When was the last time you checked your shoe size? The Pedorthic Footcare Association recommends a fitting every time you buy a new pair. But let’s be real—21st-century shoe buyers don’t seem to prioritize regular “shoe fittings” into their busy schedules.
However, in the early-mid 20th-century, shoe fitting was not only an intriguing activity for adults and children alike, but it could be discounted as a “sight-to-see” thanks to the shoe-fitting fluoroscope.
Who Needs A Salesman?
When the time came for new shoes, customers did a bit more than peruse the aisles for a potential pair. Instead, they were asked to step onto a platform—often placed atop beautifully-designed cabinet-like boxes—and position their feet inside small recesses. An x-ray tube, ensconced in lead casing, lit the foot from beneath when a sales clerk turned the device on. Viewfinders on top of the cabinet allowed a look at the glowing skeletal foot through the prospective shoe, presumably showing how well it fit.
“You have to have been born before 1955 to remember them, but it was fun to see your own ghostly bones,” says Dr. Jacalyn Duffin, a hematologist, medical historian, and professor emerita at Queens University in Kingston, Ontario. “It was never a very good device,” she adds.
And while you could only see the front half of your foot from one angle, the device was definitely a marketing must-have, as Duffin and colleague Charles R. Hayter explains in Baring the Sole: The Rise and Fall of the Shoe-Fitting Fluoroscope—a study of the machine’s history. Stores were pressured to have the device to lure in customers and it “promised faster and more lucrative sales, not an accurate fit,” the study says.
The machine also played perfectly into the time of the “scientific motherhood trend.” During the early 20th century, rapid advances were being made in science, including social sciences, medicine, and communication. Mothers were being placed under a heavy spotlight to ensure that they were well-educated regarding new technologies and medical advice in order to raise their children healthfully. Easily influenced by science, medicine, and industrialization, the up-and-coming fluoroscope was an even hotter commodity. In fact, as stores installed these machines, companies recommended facing the fluoroscope machine toward the ladies’ and children’s departments where sales were heaviest, writes Paul Frame, a health physicist at Oak Ridge Associated Universities.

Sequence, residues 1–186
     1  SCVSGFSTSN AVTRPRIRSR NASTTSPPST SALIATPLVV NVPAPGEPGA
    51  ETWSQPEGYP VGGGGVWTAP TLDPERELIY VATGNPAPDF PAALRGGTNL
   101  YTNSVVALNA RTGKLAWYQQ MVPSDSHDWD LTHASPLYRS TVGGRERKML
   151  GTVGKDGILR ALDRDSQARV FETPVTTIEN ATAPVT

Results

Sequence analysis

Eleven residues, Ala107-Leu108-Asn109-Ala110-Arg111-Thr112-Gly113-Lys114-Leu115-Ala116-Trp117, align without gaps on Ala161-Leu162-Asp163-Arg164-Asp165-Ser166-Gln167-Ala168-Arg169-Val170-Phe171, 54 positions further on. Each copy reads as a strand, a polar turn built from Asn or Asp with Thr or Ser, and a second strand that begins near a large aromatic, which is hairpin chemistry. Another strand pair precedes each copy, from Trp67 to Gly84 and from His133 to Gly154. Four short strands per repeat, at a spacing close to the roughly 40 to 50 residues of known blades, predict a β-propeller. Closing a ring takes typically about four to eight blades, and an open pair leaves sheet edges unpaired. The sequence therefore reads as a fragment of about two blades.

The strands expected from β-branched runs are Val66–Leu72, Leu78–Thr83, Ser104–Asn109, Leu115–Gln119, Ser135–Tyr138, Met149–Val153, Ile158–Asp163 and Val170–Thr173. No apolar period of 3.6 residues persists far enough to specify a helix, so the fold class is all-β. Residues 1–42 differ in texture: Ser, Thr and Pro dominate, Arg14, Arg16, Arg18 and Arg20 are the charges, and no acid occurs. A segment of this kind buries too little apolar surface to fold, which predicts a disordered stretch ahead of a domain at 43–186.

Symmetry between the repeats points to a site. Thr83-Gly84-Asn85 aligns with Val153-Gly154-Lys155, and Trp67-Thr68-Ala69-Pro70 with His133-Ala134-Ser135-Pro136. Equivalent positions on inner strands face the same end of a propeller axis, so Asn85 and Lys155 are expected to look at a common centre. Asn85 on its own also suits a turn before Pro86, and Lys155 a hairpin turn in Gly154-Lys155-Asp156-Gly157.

An Element of Health
In the 1920s, radium was seen as a source of better health and was used as an ingredient in products from toothpaste to pillows. It didn’t take long, however, for its dangers to become evident. In 1943, the International X-ray and Radium Protection Committee recommended .2R as the maximum daily dose of this substance—then lowered to .1R by the American Standards Association. R stands for roentgen, the unit by which radium is measured.
The output of the shoe-fitting fluoroscope wasn’t studied until 1948 when the amounts of radiation being emitted by the machines were varied and high. A survey of machines in Detroit, Michigan, showed that 43 out of 200 machines were throwing out way too much radiation—75R per minute on the high end. Stunted growth, cataracts, and sterility were among the ailments to which customers and clerks, who interacted with the machines routinely, were exposed.
No Longer A Good Fit
Warnings, articles, and further investigations into the dangers of the devices followed suit and customer opinions soon began to sour.
A pop culture illustration of that change can be found in It, Stephen King’s novel set in 1958. In this story, ten-year-old Eddie Kaspbrak remembers being 5 years old and climbing onto this inviting “desk” in the shoe store. His hyper-vigilant mom threw a fit, screaming about the machines causing cancer—one of the earliest adopted sentiments against the fluoroscope.
“People became afraid of them because of fallout scare, and they were no longer attracting people into stores, so stores got rid of them,” Duffin says.
Pennsylvania was the first state in the U.S. to ban shoe-fitting fluoroscopes and, in 1960, another 34 states followed suit. The devices stuck around in Britain and Canada, finally walking into history in around 1970.
And so these works of commercial art ended up decorating dumps, basements, and science classrooms. It took some time, but this was an x-ray device people finally were able to see through.
By Liz Langley, contributor for Ripleys.com